Scowcroft tried to explain that the administration could do little to force the Kremlin to change its policies. Not only would anything the U.S. did be a “mere pinprick,” he said, but it might also be “provocative and counterproductive.” The Balts, on the other hand argued that only forceful and concrete measures–canceling the Moscow summit, or an economic and high tech embargo — by the U.S. would deter the Soviet from using violence against the Balts in the future.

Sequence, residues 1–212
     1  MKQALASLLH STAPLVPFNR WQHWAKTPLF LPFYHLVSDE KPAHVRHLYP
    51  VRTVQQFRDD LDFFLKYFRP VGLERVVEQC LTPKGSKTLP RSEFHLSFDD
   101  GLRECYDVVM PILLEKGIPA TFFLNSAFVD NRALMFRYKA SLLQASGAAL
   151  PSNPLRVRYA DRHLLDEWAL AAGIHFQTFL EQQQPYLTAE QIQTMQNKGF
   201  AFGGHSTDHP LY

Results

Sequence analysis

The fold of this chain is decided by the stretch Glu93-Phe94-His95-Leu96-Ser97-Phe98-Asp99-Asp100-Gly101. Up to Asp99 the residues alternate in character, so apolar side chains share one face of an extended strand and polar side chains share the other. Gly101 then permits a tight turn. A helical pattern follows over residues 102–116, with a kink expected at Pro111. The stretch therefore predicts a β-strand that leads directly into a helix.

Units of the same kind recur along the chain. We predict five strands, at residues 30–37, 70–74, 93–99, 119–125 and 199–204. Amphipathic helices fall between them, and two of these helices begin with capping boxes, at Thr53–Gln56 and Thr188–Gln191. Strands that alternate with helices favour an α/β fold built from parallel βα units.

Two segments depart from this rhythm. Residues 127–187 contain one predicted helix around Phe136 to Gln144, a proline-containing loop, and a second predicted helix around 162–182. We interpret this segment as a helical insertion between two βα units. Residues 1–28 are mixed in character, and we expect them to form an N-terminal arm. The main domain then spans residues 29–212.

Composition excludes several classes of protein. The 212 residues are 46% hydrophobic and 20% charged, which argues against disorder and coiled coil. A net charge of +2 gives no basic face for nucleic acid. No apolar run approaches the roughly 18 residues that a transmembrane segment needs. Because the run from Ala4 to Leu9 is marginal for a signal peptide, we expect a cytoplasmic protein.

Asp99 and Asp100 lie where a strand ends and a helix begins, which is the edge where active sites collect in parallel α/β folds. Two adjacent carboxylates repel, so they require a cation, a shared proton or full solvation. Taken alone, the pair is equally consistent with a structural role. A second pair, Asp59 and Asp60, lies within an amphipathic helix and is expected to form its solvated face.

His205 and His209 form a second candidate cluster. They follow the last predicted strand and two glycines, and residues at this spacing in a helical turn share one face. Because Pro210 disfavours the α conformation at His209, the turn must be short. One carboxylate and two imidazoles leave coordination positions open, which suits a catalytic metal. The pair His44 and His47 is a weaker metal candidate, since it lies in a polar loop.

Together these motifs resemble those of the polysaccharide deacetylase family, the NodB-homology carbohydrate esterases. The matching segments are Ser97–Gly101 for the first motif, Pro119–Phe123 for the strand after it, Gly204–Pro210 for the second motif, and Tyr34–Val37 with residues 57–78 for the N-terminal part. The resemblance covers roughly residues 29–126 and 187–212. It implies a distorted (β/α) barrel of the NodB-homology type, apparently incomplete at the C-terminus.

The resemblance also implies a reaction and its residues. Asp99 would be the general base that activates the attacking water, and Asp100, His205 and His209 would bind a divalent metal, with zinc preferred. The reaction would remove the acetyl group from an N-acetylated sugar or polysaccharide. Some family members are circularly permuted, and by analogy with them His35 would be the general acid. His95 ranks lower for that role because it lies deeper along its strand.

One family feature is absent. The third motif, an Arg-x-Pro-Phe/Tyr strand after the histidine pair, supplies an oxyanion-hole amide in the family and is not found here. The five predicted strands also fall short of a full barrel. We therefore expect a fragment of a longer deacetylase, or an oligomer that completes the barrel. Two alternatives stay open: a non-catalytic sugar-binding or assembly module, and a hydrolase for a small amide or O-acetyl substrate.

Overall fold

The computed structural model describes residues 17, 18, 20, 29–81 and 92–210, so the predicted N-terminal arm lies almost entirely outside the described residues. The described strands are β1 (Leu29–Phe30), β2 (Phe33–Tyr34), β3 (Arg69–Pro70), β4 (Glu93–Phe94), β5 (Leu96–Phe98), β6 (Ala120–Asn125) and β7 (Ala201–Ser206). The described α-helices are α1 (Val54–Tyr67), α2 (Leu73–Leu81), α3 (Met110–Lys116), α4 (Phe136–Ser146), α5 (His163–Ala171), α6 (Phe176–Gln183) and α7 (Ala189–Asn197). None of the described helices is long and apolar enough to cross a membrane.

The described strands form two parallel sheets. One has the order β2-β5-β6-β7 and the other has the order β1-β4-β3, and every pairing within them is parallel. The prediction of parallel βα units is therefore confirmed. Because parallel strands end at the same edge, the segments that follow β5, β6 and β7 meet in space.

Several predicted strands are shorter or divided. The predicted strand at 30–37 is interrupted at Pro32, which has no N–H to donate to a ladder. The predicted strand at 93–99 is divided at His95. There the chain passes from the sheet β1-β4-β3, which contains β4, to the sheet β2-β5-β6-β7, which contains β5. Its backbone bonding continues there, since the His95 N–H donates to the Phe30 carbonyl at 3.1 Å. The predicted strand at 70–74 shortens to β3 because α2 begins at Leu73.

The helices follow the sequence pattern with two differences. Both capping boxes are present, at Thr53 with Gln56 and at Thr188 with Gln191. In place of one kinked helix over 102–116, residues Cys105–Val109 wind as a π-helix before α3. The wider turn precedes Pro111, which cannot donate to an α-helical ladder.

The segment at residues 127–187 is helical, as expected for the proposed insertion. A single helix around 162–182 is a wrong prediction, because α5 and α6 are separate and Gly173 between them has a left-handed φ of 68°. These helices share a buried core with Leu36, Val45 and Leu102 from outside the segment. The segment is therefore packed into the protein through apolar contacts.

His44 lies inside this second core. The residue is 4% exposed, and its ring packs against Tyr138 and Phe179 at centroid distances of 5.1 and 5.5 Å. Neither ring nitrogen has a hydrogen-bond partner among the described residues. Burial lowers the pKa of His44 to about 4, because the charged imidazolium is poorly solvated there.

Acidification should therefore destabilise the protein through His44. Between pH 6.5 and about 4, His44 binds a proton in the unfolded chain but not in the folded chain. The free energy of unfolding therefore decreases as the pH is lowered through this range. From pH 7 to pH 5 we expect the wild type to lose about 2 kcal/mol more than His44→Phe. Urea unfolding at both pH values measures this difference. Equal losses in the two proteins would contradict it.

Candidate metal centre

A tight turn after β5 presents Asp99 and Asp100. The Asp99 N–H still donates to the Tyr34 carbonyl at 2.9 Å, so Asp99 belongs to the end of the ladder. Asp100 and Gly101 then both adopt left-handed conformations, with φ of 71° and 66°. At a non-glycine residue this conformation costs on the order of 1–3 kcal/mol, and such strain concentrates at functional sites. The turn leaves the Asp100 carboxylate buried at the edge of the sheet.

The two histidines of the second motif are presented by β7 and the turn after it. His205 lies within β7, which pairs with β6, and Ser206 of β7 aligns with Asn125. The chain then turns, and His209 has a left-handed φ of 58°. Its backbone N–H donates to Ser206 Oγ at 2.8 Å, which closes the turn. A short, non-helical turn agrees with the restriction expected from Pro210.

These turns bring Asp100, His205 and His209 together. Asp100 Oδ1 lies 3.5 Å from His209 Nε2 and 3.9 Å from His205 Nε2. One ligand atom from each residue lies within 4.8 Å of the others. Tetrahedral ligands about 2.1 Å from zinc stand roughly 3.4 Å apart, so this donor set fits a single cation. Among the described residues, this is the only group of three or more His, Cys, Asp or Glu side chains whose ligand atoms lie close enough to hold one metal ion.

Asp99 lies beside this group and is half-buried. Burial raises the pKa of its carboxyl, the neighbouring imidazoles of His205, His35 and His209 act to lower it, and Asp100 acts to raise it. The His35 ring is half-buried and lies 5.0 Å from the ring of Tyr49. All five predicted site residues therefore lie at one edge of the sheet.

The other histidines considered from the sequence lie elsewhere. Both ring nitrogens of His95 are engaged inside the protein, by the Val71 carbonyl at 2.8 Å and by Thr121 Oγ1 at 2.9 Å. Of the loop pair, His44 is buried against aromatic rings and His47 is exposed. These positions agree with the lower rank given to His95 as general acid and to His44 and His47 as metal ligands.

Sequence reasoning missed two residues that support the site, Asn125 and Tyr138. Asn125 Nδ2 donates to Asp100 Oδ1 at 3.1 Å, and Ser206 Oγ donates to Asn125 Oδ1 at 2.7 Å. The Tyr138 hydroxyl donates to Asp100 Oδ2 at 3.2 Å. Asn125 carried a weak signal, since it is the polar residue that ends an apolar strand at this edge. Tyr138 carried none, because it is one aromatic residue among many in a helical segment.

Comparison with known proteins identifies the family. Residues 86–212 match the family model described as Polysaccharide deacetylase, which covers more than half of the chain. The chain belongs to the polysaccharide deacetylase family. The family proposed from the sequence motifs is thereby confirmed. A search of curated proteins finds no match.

President Bush made a surprise appearance at the meeting. “I heard that my favorite Baltic leaders were here and I thought I would look in on them,” the President exclaimed. He said he could stay only for five minutes, but he stayed for forty. Just as he had done before, during the Baltic crisis in the spring of 1990, the President raised the specter of Hungary in 1956: imprudent Western support could “doom” the cause of Baltic independence. Scowcroft added that by “lashing out,” the U.S. might open a trap door under Gorbachev and ruin whatever chance there still was for reform in the Soviet Union. He then asked the Balts whether they would prefer a KGB-military dictatorship in the Kremlin? Pavlovskis responded that other forces were at work in the Soviet Union–the progressive reformists. A force that wanted true freedom and democracy in Russia. If the U.S. would support them instead of Gorbachev, they instead of the KGB or the army would come to power when Gorbachev fell. Gorbachev will fall, it’s only a question of when, stated Pavlovskis. Asta Banionis stated that if the President does not care about the Lithuanians, Latvians and Estonians and their democratic movements, then he should care about the more than 200,000 Russian demonstrators in the streets of Moscow who had turned out a couple of days ago to protest the crackdown in the Baltics. Marie-Ann Rikken [Kelam] stated that “the Russians might tend to see this [Bush’s hands-off policy] as appeasement.” That set the President off. The President cut her off in mid-sentence: “Don’t—use—that—word!”